Seahawks cornerback Richard Sherman said Wednesday he thinks the NFL intentionally edited a highlights film of the last play of Sunday's game as a way to make defensive players look bad.

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Maybe it was simply Richard Sherman’s way of letting everyone know that things are back to normal when he levied a broadside at the NFL mere seconds into his weekly meeting with the media Wednesday.

Seahawks cornerback Richard Sherman talks about the end of Sunday’s game against Atlanta.

Sherman, asked about Atlanta’s controversial final play during the Seahawks’ 26-24 win over the Falcons, veered off to accuse the NFL of intentionally altering a video of the beginning of the play in a highlights package shown on Inside the NFL on Showtime (the show is produced by NFL Films).

In the recap of the game, what viewers are led to believe is Atlanta’s last play of the game begins with a clip of a different play and not what actually happened — Julio Jones head slapping Sherman to get free at the line of scrimmage. Instead, Jones is simply shown running.

“The NFL played a video and didn’t show the front of the play,’’ Sherman said. “That’s just how the league is about defensive players, you know.’’

Asked if he thought it was intentional, Sherman said “100 percent. … they don’t want to help defenses in the least.”

The end of the play engendered controversy as Jones and Atlanta head coach Dan Quinn thought Sherman should have been called for pass interference on a play in which the ball fell incomplete, effectively clinching the win for the Seahawks.

Sherman Tweeted Monday night (and later deleted) a clip of the beginning of the play saying “Love it lol …. don’t see that as a flag …. got my laugh for the night … Thank you.”

Sherman Wednesday said what Jones did was unquestionably worthy of a flag for hands to the face.

“It’s difficult to recover when you almost fall at the beginning of the play, you get pushed in the face,” he said. “If I pushed a receiver in the face I guarantee you it would be the highlight of every SportsCenter, every everything, if that was the fourth quarter, the last play, and I pushed him in the face. But it is what it is.”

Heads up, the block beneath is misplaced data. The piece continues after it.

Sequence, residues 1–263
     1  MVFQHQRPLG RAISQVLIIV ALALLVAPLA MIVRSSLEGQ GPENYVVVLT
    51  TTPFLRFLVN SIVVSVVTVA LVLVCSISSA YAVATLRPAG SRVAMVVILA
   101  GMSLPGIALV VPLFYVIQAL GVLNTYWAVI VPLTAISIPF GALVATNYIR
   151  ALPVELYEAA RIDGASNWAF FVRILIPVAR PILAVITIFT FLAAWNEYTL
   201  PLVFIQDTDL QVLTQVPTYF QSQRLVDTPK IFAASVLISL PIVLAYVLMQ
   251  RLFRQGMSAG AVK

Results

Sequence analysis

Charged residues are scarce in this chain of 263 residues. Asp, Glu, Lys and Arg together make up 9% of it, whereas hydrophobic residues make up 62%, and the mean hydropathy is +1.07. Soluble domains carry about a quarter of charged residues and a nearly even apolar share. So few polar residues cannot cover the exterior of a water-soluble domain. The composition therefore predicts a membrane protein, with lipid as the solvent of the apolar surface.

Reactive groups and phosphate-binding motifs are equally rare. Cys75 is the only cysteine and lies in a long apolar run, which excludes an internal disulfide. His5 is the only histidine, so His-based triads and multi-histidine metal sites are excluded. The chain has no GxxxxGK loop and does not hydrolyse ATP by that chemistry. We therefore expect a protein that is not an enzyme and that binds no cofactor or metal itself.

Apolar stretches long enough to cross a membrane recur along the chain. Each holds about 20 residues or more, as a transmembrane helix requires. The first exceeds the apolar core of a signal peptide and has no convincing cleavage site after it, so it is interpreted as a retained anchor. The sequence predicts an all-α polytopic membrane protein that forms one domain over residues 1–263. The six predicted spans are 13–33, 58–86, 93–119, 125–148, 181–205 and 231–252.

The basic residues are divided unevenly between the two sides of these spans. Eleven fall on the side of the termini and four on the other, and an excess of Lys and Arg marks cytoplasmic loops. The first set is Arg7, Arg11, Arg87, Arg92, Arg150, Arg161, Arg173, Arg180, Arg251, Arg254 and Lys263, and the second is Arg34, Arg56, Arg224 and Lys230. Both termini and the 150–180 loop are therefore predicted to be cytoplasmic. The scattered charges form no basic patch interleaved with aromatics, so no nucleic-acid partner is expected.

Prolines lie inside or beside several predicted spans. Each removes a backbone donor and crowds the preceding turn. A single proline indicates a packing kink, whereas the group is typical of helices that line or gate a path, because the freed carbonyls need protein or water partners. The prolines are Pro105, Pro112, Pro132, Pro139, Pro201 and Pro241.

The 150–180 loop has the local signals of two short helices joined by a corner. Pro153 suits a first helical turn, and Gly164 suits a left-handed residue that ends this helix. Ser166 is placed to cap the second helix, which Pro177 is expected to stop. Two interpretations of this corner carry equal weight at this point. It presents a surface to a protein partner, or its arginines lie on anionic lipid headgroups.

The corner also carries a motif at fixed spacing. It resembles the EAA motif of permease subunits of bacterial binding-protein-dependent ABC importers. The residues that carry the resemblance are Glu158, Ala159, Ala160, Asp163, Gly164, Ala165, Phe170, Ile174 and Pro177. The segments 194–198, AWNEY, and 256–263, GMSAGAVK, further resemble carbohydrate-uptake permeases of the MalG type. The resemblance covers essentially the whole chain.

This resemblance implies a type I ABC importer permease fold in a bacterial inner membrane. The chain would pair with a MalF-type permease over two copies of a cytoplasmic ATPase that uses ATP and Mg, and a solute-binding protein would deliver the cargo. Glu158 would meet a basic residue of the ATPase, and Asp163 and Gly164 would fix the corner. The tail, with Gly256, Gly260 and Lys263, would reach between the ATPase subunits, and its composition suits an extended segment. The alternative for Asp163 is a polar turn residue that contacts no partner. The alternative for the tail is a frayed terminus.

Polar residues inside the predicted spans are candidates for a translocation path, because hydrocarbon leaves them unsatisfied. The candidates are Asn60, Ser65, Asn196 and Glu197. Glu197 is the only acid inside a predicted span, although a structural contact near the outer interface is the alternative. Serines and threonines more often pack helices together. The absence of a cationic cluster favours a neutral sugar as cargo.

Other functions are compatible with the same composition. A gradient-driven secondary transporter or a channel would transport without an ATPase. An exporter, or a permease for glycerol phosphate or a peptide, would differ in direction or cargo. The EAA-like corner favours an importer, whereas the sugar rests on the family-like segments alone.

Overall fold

What Sherman said is also in the past is his sideline outburst after Jones scored on a 36-yard touchdown early in the third quarter. On the play, a pre-snap change in the coverage led to Sherman playing man defense on Atlanta tight end Austin Hooper — who had gone to the far left in motion — with the rest of the team playing zone, which allowed Jones to break free for an easy score. Sherman apparently didn’t get the correct call from strong safety Kelcie McCray, who was filling in for injured Kam Chancellor, and reacted angrily when he reached the sideline and was approached by defensive coordinator Kris Richard, who appeared to be asking what had gone wrong.

Sherman, Seahawks coach Pete Carroll and other teammates all said they now considered what happened Sunday, when teammates struggled for several minutes to calm Sherman, a dead issue.

“Our guys have worked all that through and we’re in great shape,” Carroll said. “I’m not worried about it a bit.”

Sherman said he had no regrets about the incident or wished he had done anything different.

“No,” he said. “Nothing at all.”

But he said he had no worry that any hard feelings would linger.

“It’s a new week, it’s another opponent,” he said. “Everything kind of starts over. … we are a ballclub. I mean, things happen. We came out with the win and we move on to the next week.”

Neither Carroll nor Sherman went into any more specifics about what led to the incident, with Sherman saying “it was just a mis-check. Just a mis-check by two guys. Just one of those things that could have been communicated better.”

Asked if he had talked with Richard, Sherman said there “wasn’t much of a need. We’ve had a conversation but nothing outside of the norm. I think everything is pretty much understood.”

Teammates agreed that they considered the blowup having now blown over.

Receiver Doug Baldwin insisted that the outburst was “mild” compared to others he has seen from Sherman in the 10 years they have been friends, dating to their college careers at Stanford.

“We play a violent sport and so at times you are going to have passionate people display their passion,” Baldwin said. “And in those instances in crucial situations when you make mistakes, you give up plays or things don’t go your way, sometimes that passion comes out. But the thing about football players, athletes, our locker room specifically, is we have some great leaders. And Sherm being one of them. So when instances like that happen it’s very easy for us to get back on the same page and go forward because we have been through it before.”

Said linebacker K.J. Wright: “We understand each other. It’s happened at practice several times. So if it happens, cool, correct it, fix it, move on. That’s what we did. We moved on and we found a way to finish the game and we corrected it the next day. … that’s teams do, that’s what families do. They fight, they get mad at each other and kiss and makeup later on.”